5-YEAR-OLD DRIVING IN UTAH

5-YEAR-OLD DRIVING IN UTAH

A 5-year-old boy from Utah wanted his mother to buy him a Lamborghini, and since she refused, he got in her car and attempted to drive to California himself to purchase one.

The child’s planned multistate journey, however, ended roughly five minutes after he took the car when a Utah Highway Patrol trooper pulled him over on the freeway Monday around noon.

In a dash-cam video released by the department, the SUV the boy is driving is seen weaving across the freeway as cars and semi-trucks whizz past.

The child pulls over to the shoulder of the road after the trooper activates his sirens.

“How old are you? You’re 5 years old?” the trooper is heard saying. “Wow … Where did you learn to drive a car?”

5-YEAR-OLD DRIVING IN UTAH

The boy said he had left his home in Ogden after he got into an argument with his mother because he wanted a Lamborghini and she told him no, according to a tweet by the highway patrol.

“He decided he’d take the car and go to California to buy one himself.

He might have been short on the purchase amount, as he only had $3 dollars in his wallet,” the tweet read.

The luxurious sports cars can start as low as $200,000, depending on the model.

Highway Patrol Lt. Nick Street told NBC affiliate KSL in Salt Lake City that when trooper Rick Morgan stopped the vehicle he thought it was going to be an impaired driver, not a child.

Morgan said when he approached the SUV, the little boy was sitting on the edge of the seat so he could reach the pedals. His head barely reached the headrest behind the steering wheel.

The child only drove for about five minutes from his home to the freeway when he was stopped, KSL reported.

“I helped him get the car into park, shut the vehicle down and then we started to look for means to contact his parents,” the trooper said.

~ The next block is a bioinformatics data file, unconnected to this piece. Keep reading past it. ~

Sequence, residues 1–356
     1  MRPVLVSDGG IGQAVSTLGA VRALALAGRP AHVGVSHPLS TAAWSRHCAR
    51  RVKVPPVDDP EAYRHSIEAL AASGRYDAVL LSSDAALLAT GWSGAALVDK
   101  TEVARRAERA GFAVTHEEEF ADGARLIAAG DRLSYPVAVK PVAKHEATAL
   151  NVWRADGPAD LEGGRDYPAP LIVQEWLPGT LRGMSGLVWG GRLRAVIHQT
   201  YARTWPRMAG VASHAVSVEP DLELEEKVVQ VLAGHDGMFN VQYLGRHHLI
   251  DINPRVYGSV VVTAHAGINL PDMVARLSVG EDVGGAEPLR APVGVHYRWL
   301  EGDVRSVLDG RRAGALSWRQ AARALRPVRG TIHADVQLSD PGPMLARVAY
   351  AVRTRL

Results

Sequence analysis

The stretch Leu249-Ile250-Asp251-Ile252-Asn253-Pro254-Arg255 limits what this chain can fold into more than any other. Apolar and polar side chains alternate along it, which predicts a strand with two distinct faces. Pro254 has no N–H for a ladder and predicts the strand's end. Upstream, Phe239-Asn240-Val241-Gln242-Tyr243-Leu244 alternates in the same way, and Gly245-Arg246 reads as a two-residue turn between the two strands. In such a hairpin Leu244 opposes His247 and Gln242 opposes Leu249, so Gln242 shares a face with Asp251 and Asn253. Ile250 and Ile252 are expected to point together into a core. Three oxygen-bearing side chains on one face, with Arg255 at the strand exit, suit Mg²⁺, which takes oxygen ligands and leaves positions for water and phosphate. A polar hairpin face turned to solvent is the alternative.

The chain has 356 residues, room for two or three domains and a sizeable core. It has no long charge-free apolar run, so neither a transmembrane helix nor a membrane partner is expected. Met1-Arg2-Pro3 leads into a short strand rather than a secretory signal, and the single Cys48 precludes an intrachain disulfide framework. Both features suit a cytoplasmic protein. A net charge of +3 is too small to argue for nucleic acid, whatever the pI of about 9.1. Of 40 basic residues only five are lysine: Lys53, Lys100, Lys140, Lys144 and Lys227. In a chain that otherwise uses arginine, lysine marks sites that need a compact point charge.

The Highway Patrol was able to reach the boy’s family, who said his parents were at work and had left him in the care of a sibling.

Street said no one was hurt and it’s not believed that any property was damaged, but the boy’s parents could still face charges.

“We’re counting our blessings (nobody was hurt) but that doesn’t mean a high-risk situation that put a lot of people’s lives in jeopardy (didn’t occur),” he said.

“Based on that, we’ll talk with the county attorney and see what charges they would like filed or screened with them and we’ll do that.

DAWG SAYS: THE YOUNG MAN WAS MOTIVATED AND HAD A VISION


WEST VIRGINIA GOVERNOR CALLS IT

HE DENIES THE “F” BOMB HE DROPPED ON LIVE BROADCAST

WEST VIRGINIA GOVERNOR CALLS IT

Coronavirus updates from government officials tend to be dry in the extreme.

But West Virginia’s Gov. Jim Justice was being credited for spicing things up Monday when he supposedly dropped an F-bomb into the mix.

“I encourage all businesses that are allowed to open to do so only if they (expletive) follow the guidelines to keep West Virginians safe.”

Justice can be heard saying during a recorded press conference.

HERE IT IS DECIDE FOR YOURSELF

However, the Republican governor issued a statement late Monday, saying it was an audio glitch and not what he actually said.

His statement came shortly after the clip became a hit on social media, including a YouTube video viewed tens of thousands of times.
WEST VIRGINIA GOVERNOR CALLS IT

“Today at our news briefing there was an audio glitch,” Justice explained in a video posted on Twitter.

“And it sounded like that I had said a bad word. A word that I would never say nor have I ever said.

No possibility in any way, shape, form or fashion.”

Social media is torn on which is better: The “audio glitch” or the governor’s clarification video message, which had been viewed nearly 170,000 times in 10 hours.

Some people admitted loving his brutal honesty in using a curse word, while others thought they’d only imagined hearing it.

“Couldn’t you have waited till tomorrow or next year to say this (clarification).

Allow us to have a little bit of joy during this quarantine season,” Kevin Mace said on Twitter.

“I thought it was pretty awesome! That is transparency at its finest,” Christina Keller wrote.